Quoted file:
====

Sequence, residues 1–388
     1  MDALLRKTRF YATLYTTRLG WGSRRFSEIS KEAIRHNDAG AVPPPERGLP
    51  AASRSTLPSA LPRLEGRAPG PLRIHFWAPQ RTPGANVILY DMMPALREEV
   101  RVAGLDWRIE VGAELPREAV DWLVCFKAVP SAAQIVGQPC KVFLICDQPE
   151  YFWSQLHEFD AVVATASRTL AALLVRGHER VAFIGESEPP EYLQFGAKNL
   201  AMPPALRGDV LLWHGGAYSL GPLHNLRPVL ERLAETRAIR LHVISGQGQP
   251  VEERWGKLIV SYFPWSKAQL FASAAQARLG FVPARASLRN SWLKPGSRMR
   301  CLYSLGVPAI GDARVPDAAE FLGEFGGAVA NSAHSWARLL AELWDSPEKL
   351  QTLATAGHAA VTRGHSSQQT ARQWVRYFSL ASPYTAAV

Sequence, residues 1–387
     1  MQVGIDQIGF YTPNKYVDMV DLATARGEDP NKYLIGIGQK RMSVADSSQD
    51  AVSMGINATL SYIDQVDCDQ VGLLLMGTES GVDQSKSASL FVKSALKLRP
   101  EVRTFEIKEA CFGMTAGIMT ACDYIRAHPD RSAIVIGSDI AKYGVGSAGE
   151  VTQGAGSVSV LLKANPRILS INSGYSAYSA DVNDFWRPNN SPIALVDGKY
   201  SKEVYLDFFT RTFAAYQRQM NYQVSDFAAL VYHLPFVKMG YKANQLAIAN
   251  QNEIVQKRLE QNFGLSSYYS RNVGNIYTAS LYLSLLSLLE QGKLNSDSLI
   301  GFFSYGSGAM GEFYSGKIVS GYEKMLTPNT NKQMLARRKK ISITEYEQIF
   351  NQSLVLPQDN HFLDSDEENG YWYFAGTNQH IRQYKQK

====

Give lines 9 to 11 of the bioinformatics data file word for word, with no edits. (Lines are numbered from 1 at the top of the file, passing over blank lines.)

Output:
   351  QTLATAGHAA VTRGHSSQQT ARQWVRYFSL ASPYTAAV

Sequence, residues 1–387
     1  MQVGIDQIGF YTPNKYVDMV DLATARGEDP NKYLIGIGQK RMSVADSSQD